Animated diagram of a half-wave dipole antenna receiving a radio wave. The antenna consists of two metal rods connected to a receiver R. The electric field ( E, green arrows ) of the incoming wave pushes the electrons in the rods back and forth, charging the ends alternately positive  (+)  and negative  (−) .  Since the length of the antenna is one half the wavelength of the wave, the oscillating field induces standing waves of voltage ( V, represented by red band ) and current in the rods. The oscillating currents (black arrows) flow down the transmission line and through the receiver (represented by the resistance R).
Cage dipole antennas in the Ukrainian UTR-2 radio telescope. The 8 m by 1.8 m diameter galvanized steel wire dipoles have a bandwidth of 8–33 MHz.
Real (black) and imaginary (blue) parts of the dipole feedpoint impedance versus total length in wavelengths, assuming a conductor diameter of 0.001 wavelengths
Feedpoint impedance of (near-) half-wave dipoles versus electrical length in wavelengths. Black: radiation resistance; blue: reactance for 4 different values of conductor diameter
Length reduction factor for a half-wave dipole to achieve electrical resonance (purely resistive feedpoint impedance). Calculated using the Induced EMF method, an approximation that breaks down at larger conductor diameters (dashed portion of graph).
"Rabbit-ears" VHF television antenna (the small loop is a separate UHF antenna).
Collinear folded dipole array
A reflective array antenna for radar consisting of numerous dipoles fed in-phase (thus realizing a broadside array) in front of a large reflector (horizontal wires) to make it uni-directional.

On the other hand, Guglielmo Marconi empirically found that he could just ground the transmitter (or one side of a transmission line, if used) dispensing with one half of the antenna, thus realizing the vertical or monopole antenna.

Animation of a half-wave dipole antenna radiating radio waves, showing the electric field lines. The antenna in the center is two vertical metal rods connected to a radio transmitter (not shown). The transmitter applies an alternating electric current to the rods, which charges them alternately positive (+) and negative (−). Loops of electric field leave the antenna and travel away at the speed of light; these are the radio waves. In this animation the action is shown slowed down enormously.

Radio wave

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Radio waves are a type of electromagnetic radiation with the longest wavelengths in the electromagnetic spectrum, typically with frequencies of 300 gigahertz (GHz) and below.

Radio waves are a type of electromagnetic radiation with the longest wavelengths in the electromagnetic spectrum, typically with frequencies of 300 gigahertz (GHz) and below.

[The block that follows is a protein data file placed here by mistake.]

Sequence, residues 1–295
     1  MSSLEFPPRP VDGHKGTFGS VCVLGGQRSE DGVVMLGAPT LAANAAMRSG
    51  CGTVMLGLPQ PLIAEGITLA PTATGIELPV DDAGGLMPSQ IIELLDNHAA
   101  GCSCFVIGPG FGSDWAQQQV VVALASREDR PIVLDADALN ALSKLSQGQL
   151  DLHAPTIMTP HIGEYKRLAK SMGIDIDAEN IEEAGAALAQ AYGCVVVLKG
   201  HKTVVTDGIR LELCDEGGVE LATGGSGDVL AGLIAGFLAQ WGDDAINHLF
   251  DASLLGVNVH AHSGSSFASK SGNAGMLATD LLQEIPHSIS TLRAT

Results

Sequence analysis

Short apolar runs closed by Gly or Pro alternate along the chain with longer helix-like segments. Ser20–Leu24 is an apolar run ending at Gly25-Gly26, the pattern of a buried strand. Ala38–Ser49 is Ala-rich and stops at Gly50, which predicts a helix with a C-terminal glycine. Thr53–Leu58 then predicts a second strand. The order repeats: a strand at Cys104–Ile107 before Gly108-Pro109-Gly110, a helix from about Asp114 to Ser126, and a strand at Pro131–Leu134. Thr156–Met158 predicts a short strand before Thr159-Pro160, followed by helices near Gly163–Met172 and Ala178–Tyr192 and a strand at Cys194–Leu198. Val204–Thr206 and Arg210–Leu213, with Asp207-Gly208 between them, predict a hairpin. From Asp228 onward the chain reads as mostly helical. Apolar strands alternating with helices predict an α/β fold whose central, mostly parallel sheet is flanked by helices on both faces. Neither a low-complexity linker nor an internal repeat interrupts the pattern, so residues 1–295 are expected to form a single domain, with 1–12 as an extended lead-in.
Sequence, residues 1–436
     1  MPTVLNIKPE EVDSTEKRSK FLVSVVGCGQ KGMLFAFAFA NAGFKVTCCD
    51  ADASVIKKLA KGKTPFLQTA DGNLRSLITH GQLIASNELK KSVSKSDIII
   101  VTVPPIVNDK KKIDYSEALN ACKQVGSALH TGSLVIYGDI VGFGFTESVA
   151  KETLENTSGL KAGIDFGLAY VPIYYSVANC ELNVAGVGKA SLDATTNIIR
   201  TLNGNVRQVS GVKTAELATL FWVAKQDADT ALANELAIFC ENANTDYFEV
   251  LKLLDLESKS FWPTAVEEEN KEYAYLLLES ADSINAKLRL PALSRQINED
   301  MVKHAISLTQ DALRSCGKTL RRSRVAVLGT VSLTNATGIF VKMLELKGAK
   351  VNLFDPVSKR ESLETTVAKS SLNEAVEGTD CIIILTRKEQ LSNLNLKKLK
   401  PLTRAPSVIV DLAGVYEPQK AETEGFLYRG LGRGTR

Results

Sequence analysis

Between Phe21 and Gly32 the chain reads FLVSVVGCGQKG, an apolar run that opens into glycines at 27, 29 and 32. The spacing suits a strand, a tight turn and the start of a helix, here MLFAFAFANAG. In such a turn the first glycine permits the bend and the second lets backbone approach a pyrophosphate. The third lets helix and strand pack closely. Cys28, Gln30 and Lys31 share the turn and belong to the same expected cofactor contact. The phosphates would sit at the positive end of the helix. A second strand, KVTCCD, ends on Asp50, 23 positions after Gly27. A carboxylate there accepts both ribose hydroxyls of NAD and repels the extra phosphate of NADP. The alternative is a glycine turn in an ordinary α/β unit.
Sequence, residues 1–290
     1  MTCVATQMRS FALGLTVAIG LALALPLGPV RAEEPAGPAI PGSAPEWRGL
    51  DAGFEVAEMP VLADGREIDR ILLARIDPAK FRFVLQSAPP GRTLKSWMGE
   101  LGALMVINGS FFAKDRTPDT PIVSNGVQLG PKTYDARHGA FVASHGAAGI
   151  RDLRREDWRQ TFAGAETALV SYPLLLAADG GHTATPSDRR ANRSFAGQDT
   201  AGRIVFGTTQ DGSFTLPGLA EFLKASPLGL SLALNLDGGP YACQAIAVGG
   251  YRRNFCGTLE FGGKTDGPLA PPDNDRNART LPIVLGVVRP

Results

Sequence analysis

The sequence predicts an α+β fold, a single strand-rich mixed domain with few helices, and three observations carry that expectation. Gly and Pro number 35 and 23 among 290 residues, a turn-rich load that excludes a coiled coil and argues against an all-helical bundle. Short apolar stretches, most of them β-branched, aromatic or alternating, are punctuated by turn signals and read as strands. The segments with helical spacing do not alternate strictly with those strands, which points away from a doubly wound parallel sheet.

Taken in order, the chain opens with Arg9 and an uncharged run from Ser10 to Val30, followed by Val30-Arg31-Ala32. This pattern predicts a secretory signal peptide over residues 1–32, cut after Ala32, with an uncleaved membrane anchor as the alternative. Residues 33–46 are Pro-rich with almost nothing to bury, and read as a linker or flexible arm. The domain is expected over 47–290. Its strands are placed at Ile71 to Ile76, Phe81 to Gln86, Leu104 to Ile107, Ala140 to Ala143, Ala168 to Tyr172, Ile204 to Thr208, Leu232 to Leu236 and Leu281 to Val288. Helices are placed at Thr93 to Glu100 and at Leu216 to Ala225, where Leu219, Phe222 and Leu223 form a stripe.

Animation of a half-wave dipole antenna radiating radio waves, showing the electric field lines. The antenna in the center is two vertical metal rods connected to a radio transmitter (not shown). The transmitter applies an alternating electric current to the rods, which charges them alternately positive (+) and negative (−). Loops of electric field leave the antenna and travel away at the speed of light; these are the radio waves. In this animation the action is shown slowed down enormously.
Diagram of the electric fields (E) and magnetic fields (H) of radio waves emitted by a monopole radio transmitting antenna (small dark vertical line in the center). The E and H fields are perpendicular, as implied by the phase diagram in the lower right.
Animated diagram of a half-wave dipole antenna receiving a radio wave. The antenna consists of two metal rods connected to a receiver R. The electric field ( E, green arrows ) of the incoming wave pushes the electrons in the rods back and forth, charging the ends alternately positive (+) and negative (−) . Since the length of the antenna is one half the wavelength of the wave, the oscillating field induces standing waves of voltage ( V, represented by red band ) and current in the rods. The oscillating currents (black arrows) flow down the transmission line and through the receiver (represented by the resistance R).

Italian inventor Guglielmo Marconi developed the first practical radio transmitters and receivers around 1894–1895.

Electrical engineering

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Engineering discipline concerned with the study, design, and application of equipment, devices, and systems which use electricity, electronics, and electromagnetism.

Engineering discipline concerned with the study, design, and application of equipment, devices, and systems which use electricity, electronics, and electromagnetism.

The discoveries of Michael Faraday formed the foundation of electric motor technology.
Guglielmo Marconi, known for his pioneering work on long-distance radio transmission
A replica of the first working transistor, a point-contact transistor
Metal–oxide–semiconductor field-effect transistor (MOSFET), the basic building block of modern electronics
The top of a power pole
Satellite dishes are a crucial component in the analysis of satellite information.
Control systems play a critical role in spaceflight.
Electronic components
Microprocessor
A Bayer filter on a CCD requires signal processing to get a red, green, and blue value at each pixel.
Flight instruments provide pilots with the tools to control aircraft analytically.
Supercomputers are used in fields as diverse as computational biology and geographic information systems.
The Bird VIP Infant ventilator
Oscilloscope
An example circuit diagram, which is useful in circuit design and troubleshooting.
Belgian electrical engineers inspecting the rotor of a 40,000 kilowatt turbine of the General Electric Company in New York City
The IEEE corporate office is on the 17th floor of 3 Park Avenue in New York City
Satellite communications is typical of what electrical engineers work on.
The Shadow robot hand system
A laser bouncing down an acrylic rod, illustrating the total internal reflection of light in a multi-mode optical fiber.
Radome at the Misawa Air Base Misawa Security Operations Center, Misawa, Japan

In 1895, Guglielmo Marconi began work on a way to adapt the known methods of transmitting and detecting these "Hertzian waves" into a purpose built commercial wireless telegraphic system.

Édouard Branly

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French inventor, physicist and professor at the Institut Catholique de Paris.

French inventor, physicist and professor at the Institut Catholique de Paris.

Branly's coherer
Original Branly tube (no. 78) for radiodetection
Plaque at the Musée Édouard Branly on rue d'Assas in Paris

It was further developed by Guglielmo Marconi, then replaced about 1907 by crystal detectors.